The report discusses a marked increase in the cases of Salmonella Enteritidis that has been observed since the middle of 2018. The cases have now been linked to an outbreak of Salmonella Enteritidis that was locally acquired. This a significant difference from cases of Salmonella Enteritidis in Australia in the past, with most cases typically presenting in people who had travelled overseas.

Testing was conducted and monitoring took place to determine where the outbreak was stemming from. The investigation involved taking 2,072 samples from egg production businesses and testing eggs and environmental samples. The results from the testing showed that Salmonella Enteritidis was on 13 properties that were interconnected through people, eggs and/or equipment.

The result was six food recalls at the consumer level from properties affected in NSW, and one consumer level recall in Victoria. The report states that surveillance and monitoring of NSW egg farms is slated to continue throughout 2020.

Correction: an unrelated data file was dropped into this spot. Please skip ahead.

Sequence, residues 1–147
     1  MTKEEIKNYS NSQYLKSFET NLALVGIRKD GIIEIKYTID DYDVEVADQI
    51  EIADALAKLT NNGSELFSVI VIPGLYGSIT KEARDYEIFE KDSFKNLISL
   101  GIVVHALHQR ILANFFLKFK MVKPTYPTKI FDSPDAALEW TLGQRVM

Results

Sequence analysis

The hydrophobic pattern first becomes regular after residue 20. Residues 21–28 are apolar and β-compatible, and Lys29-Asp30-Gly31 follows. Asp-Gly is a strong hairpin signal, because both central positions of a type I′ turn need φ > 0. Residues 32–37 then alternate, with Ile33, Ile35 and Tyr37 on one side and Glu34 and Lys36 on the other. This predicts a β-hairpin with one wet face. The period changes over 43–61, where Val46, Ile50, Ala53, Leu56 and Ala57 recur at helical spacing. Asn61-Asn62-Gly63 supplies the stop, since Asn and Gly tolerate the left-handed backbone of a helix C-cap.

Decrease in Listeria prevalence in melons

The melon industry in Australia, particularly the rockmelon industry, has been linked to food-borne illness outbreaks of Listeria in recent years. The report states that listeriosis cases in New South Wales has actually declined sharply as of late, which is being attributed to the improved food safety measures that have been put in place in the Australian melon industry.

During the period of November 2018 and April 2019, the New South Wales Department of Primary Industries (NSW DPI) conducted food safety training workshops for rockmelon growers in NSW. NSW DPI also conducted sampling of melon harvests and packhouse environments to make sure that melon growers were following food safety protocols.

Verification findings

Concerns about Campylobacter and Salmonella on poultry

Campylobacter and Salmonella infections are both significant health concerns for Australians. In order to monitor the prevalence of these two food-borne pathogens, the raw poultry verification program gathers ongoing data on their prevalence and levels in raw poultry.

The report states that during the period of July 2018 and June 2019, samples were taken from raw poultry including 196 from whole chickens/chicken portions from processing plants, and 312 chicken portions from retail facilities. The samples were tested for the presence of Campylobacter and Salmonella.

The results for processing plants:


  • detected in 21.4% of samples
  • 9.2% of samples had quantifiable levels


  • detected in 86.7% of samples
  • 1.5% of samples had quantifiable levels

The results for retail facilities:


  • detected in 25.8% of samples
  • 1.7% of samples had quantifiable levels